Over the weekend I had the opportunity to share the stage with America’s legendary television dad, Bill Cosby. In a town hall forum titled “About Our Children,” Cosby and I, along with comedian Paul Rodriguez and University of Wisconsin Professor Maria Cancian, discussed poverty, parenting and the American dream in front of a national audience, broadcast live on MSNBC.
I spoke about my childhood education, as a kid growing up in California. I explained that my county had multiple schools. One, across the county, had resources I needed, while the school closer to my home did not. Because of local zoning law I was assigned to the school closer to home. Even as a child, I knew that I needed to be at the better school. I put up such a fight about it that my parents simply found a way to put me on the bus to the other school. They bent the rules so that I could have a better education.
I shared this story because it is an important example of my family taking responsibility for my education. It is a lesson that I will never forget, and it most certainly put me on the path to where I am today. But the other reason that I chose this anecdote is that it underscores another important reality, one often lost in these discussions of individual responsibility. In order to take control of my education, my family actually had to defy the law. Families often face enormous structural barriers to success, barriers that can impede even the most conscientious, tenacious and, yes, responsible parents.
Here is one example: today black teen unemployment sits at a staggering 35 percent. Think about that figure for a minute. We are not talking about a “jobless” rate here – unemployment figures count only the number of African-American teenagers actively looking for work. In other words, when an involved, responsible parent pushes Junior to go out and find a job, more than one third of the time there is simply no job to be found. This situation is not only discouraging – not to mention financially problematic – but it can actually undermine the parents’ authority in the home, because they are promoting a path that doesn’t exist. Personal responsibility alone cannot overcome structural impediments.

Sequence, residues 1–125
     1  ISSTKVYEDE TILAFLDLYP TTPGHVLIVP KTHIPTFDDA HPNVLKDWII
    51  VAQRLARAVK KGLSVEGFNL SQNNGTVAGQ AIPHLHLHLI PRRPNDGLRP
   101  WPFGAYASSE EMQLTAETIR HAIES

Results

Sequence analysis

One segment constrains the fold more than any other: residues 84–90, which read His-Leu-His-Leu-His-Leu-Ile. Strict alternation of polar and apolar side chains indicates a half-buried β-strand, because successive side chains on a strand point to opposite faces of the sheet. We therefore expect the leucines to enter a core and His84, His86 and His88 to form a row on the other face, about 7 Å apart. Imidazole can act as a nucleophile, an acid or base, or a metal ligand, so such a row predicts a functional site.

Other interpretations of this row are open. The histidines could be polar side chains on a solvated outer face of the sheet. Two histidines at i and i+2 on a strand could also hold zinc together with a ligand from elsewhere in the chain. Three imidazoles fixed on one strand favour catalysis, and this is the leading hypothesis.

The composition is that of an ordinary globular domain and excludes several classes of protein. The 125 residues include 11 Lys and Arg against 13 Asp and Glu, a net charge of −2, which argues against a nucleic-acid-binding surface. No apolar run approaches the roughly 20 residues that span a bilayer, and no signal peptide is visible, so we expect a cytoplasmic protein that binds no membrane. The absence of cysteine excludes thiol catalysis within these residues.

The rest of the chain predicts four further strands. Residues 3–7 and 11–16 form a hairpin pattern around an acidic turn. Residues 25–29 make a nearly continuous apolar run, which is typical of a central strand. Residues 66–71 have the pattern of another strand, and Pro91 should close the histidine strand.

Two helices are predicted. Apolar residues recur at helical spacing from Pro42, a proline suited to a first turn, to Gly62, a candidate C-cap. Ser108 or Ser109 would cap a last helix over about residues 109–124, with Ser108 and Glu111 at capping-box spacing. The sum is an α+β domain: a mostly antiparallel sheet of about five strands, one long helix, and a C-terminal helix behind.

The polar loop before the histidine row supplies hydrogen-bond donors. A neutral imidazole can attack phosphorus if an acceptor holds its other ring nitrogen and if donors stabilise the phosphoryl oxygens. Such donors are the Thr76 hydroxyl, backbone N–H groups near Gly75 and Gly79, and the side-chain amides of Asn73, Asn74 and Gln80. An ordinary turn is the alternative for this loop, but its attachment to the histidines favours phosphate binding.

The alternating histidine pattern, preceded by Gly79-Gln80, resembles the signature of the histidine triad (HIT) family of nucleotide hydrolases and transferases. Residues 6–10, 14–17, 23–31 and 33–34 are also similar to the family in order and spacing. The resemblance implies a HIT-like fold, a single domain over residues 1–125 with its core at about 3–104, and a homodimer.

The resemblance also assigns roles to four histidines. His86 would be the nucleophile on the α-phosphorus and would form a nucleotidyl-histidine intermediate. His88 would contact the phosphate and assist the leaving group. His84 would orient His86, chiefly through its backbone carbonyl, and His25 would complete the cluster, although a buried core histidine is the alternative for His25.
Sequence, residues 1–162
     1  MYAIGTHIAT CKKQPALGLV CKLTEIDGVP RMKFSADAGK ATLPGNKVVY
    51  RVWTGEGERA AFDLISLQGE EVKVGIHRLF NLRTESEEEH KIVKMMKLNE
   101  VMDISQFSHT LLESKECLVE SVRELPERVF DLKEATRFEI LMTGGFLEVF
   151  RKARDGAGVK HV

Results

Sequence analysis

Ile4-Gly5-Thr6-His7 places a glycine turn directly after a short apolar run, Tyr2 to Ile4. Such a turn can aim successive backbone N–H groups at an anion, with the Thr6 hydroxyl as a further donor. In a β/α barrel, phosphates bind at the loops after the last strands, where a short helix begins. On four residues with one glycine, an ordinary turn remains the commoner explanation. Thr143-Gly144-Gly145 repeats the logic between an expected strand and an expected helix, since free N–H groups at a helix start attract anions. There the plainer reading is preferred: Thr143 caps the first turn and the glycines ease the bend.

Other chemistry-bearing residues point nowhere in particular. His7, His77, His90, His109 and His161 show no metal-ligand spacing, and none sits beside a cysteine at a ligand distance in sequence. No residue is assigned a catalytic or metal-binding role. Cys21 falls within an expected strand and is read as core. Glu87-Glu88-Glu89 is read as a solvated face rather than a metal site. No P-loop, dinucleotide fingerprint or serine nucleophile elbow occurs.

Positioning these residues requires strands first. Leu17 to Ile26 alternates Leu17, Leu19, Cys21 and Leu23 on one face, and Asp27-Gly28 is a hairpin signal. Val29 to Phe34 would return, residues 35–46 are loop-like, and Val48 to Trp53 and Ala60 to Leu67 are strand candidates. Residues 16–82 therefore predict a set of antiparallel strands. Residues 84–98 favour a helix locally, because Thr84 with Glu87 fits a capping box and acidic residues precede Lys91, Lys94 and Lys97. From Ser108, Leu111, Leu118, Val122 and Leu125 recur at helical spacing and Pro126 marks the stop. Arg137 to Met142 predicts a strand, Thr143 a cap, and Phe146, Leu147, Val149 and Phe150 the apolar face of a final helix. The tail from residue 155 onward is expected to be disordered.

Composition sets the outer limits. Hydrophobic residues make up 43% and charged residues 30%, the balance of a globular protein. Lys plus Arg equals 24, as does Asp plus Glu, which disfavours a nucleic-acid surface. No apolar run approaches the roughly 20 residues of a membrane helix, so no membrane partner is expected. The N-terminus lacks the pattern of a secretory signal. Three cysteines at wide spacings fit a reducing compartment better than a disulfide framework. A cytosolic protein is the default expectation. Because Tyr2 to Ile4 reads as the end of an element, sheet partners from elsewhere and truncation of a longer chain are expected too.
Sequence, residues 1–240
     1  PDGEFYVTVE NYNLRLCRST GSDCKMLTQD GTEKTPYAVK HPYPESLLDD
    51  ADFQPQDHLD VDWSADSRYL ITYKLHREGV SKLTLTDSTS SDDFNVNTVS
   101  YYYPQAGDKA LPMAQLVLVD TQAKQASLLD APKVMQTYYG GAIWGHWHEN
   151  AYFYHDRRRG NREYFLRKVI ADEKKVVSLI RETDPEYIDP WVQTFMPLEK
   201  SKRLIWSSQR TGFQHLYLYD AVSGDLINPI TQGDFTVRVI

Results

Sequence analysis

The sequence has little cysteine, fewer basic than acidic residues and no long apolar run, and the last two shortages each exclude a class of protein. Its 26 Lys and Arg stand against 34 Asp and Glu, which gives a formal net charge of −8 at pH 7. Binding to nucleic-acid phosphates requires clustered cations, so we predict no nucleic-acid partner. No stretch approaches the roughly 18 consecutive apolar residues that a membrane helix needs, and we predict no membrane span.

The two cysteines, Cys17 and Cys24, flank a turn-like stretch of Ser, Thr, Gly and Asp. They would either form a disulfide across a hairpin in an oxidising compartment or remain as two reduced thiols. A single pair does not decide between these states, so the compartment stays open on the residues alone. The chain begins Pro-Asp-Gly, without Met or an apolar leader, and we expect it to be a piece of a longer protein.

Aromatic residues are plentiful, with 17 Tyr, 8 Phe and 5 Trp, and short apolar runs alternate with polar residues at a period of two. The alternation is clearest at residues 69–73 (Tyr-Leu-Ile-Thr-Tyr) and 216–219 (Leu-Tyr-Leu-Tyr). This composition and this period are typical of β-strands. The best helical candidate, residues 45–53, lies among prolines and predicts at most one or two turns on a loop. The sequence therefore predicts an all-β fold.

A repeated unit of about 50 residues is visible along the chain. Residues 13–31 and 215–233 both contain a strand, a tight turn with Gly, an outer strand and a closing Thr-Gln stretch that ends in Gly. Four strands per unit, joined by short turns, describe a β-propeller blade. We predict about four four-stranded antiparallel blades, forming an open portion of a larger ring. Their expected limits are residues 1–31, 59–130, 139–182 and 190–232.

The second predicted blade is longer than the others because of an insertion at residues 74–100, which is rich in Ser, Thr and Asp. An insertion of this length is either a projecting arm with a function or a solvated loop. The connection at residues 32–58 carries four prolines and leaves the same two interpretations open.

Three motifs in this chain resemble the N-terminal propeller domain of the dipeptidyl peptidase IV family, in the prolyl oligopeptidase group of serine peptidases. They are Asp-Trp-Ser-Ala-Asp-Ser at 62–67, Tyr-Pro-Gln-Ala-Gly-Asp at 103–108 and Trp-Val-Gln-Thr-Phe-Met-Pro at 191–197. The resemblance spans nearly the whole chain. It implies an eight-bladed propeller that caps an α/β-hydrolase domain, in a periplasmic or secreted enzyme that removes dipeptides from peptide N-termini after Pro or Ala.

For a century, the NAACP has promoted individual responsibility to build strong black families and healthy communities, but to stop there would have been to ignore the gaping political obstacles to achieving our goals. Much of the public discourse continues to be dominated by the responsibility frame, but mere complaining about “those parents” or “the kids today” will not completely solve this nation’s problems. We need to address structural inequalities as well.
It was not lack of personal responsibility that caused Joseph Harris, a dedicated single father in DC, to be homeless. He was in a car accident and couldn’t work. Although he’s looking for work and working odd jobs, he can’t make ends meet. It’s just not enough.
It was not a dearth of family values that caused Milwaukee grandmother Amira Weaver to almost lose her home after she decided to help clean up her community by purchasing the crack house next door for her son. Mrs. Weaver had good credit, a 6 percent loan on her own home but was steered by an unscrupulous broker into a loan that, when she read the fine print, revealed she was paying 11 percent.
Similarly, it is not the absence of responsibility that caused Robert Floyd to get kidney cancer. He has lost sight in one eye, and is having problems in his other eye. His health insurance policy said they wouldn’t cover his eye or kidney problems, and now he may die while they wait, leaving behind his wife and a child.
Family values are important, but we must also have policies in place that value families. President Obama got it exactly right when he told the NAACP this summer that government had a responsibility to “overcome the inequities, the injustices, the barriers that still exist in our country.” He cited the high dropout rates in some black communities and the “crumbling schools and overcrowded classrooms, and corridors of shame in America filled with poor children,” noting that they are not just an African-American problem but an American problem that government needs to address.